When Should You Change Your Investment Strategy?
Switching up your approach to investing is not something that should be done frequently, but there are some circumstances that call for change
(Morningstar) Morningstar’s Dr. Paul Kaplan and Dr. Maciej Kowara authored a paper outlining the number of “critical months” inherent in a fund’s historical performance. (Critical months are defined as months of a fund’s performance that, if they didn’t exist, would cause the fund to underperform their stated benchmark).
They found that investment returns are far from a straight line. Rather than posting a small gain each day, fund performance can often be "clumpy". Case in point: it was found that across global actively managed funds there in a 15-year period spanning 2003-2018, on average just six months were critical months of total performance. If you are constantly changing investment strategies, it is likely that your fund selection will change as well. Changing funds too often is one way to assure that you miss these critical months of performance (not to mention impacting your returns by racking up trading costs).
So when should you change your investment strategy?
Human Capital vs. Financial Capital
When defining your investment strategy, it is often worthwhile to think of two "sources" of capital. The first is human capital, which is effectively your ability to earn money over time. The second is financial capital, which is how much actual money you have available to invest today.
Young investors have an abundance of human capital since it is likely that a young person has many income-earning years ahead of them. At the same time, young investors typically have very little financial capital as they are likely to have a lower wage and less cash to spare. At the other end of the spectrum, retirees have far less human capital but an abundance of financial capital.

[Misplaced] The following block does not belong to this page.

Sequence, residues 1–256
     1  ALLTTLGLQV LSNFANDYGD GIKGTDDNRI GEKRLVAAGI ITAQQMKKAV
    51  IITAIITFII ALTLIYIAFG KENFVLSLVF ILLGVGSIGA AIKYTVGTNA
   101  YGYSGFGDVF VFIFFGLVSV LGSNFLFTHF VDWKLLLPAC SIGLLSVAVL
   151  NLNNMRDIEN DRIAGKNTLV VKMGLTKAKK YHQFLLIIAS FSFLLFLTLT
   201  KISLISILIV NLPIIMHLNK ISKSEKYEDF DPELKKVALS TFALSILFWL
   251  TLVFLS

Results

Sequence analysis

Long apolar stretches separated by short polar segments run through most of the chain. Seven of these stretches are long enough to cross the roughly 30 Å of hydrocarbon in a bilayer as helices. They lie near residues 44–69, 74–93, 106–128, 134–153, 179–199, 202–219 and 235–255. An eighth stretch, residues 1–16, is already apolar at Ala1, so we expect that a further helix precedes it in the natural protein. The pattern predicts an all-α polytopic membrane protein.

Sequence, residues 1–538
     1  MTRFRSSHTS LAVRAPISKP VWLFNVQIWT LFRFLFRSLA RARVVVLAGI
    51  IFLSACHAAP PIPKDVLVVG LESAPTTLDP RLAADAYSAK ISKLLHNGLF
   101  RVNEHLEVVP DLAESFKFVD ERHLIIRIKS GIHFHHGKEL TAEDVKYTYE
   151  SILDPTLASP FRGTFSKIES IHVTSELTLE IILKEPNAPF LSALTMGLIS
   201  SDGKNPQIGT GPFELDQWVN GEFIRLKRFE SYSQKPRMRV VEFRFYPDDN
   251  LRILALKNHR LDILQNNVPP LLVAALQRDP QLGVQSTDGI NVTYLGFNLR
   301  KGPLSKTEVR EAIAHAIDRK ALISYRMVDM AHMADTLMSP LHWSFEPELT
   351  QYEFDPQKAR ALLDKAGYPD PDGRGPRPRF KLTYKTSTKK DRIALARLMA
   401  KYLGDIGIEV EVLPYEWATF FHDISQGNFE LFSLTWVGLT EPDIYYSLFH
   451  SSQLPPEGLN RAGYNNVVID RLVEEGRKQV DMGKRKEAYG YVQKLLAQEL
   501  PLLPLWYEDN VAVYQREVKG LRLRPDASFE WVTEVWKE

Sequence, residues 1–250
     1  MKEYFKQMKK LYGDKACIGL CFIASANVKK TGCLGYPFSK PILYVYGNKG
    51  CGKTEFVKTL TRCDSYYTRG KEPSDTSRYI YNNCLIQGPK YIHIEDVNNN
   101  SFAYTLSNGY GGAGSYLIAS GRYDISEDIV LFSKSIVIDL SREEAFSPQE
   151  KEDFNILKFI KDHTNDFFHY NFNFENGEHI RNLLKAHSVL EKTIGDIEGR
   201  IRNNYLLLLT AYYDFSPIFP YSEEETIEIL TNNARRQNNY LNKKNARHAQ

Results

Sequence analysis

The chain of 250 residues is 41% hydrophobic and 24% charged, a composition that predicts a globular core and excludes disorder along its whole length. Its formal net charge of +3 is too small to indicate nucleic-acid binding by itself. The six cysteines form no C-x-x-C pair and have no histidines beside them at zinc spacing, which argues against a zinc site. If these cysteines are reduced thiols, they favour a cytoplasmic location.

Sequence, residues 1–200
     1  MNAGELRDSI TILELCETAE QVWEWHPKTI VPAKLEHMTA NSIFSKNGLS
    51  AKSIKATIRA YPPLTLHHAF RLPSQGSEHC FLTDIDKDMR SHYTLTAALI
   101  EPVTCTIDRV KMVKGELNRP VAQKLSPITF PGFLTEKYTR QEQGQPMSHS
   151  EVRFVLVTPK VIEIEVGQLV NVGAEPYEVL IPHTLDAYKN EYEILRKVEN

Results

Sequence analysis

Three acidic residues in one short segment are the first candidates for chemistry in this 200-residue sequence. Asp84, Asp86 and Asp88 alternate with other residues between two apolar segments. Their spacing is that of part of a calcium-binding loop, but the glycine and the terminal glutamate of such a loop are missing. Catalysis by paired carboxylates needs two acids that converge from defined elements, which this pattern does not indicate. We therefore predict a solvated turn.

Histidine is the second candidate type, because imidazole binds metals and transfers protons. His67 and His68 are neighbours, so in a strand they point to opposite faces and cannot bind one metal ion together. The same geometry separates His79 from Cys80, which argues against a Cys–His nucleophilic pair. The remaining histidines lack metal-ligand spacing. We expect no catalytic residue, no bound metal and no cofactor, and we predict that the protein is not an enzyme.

When choosing an investment strategy, your risk capacity has lot to do with the sum of financial and human capital. The more capital you have (human or financial), the more risk you can afford to take.
There are stages in life when the balance between human and financial capital will change, and these are the times you could consider reviewing your investment strategy. Here are some such life events (This is not a complete list, and all may not apply to every investor):
When you lose your job, your potential human capital decreases. If this is a permanent change, your ability to withstand risk also reduces, and hence a revisit of your investment strategy to a more conservative approach may make sense.
Addition of a Financial Dependent/s
If you are now tasked with taking care of a loved one financially, you may not have the same ability to withstand risk. Again, it may be worthwhile revisiting your investment strategy in favor or something more conservative.
If you receive a monetary gift or inheritance from a family member, your financial capital increases. The increase of capital here may warrant a more aggressive investment strategy, all things equal.
When you retire, you transition from capital accumulation to capital decumulation phase of your investment journey. This is a major event that definitely requires a look at your investment approach (likely transitioning to conservative income-producing investments to fund your retirement requirements).
Generally speaking, it is ill-advised to change your investment approach frequently. Although it is tempting to allow news and economic forecasts to drive your investment decisions, focusing on your risk capacity at a given point of time might be better indicator of when you should make strategic shifts in your investment approach. Experience tells us that a steady hand and patience are the keys to reaching financial goals.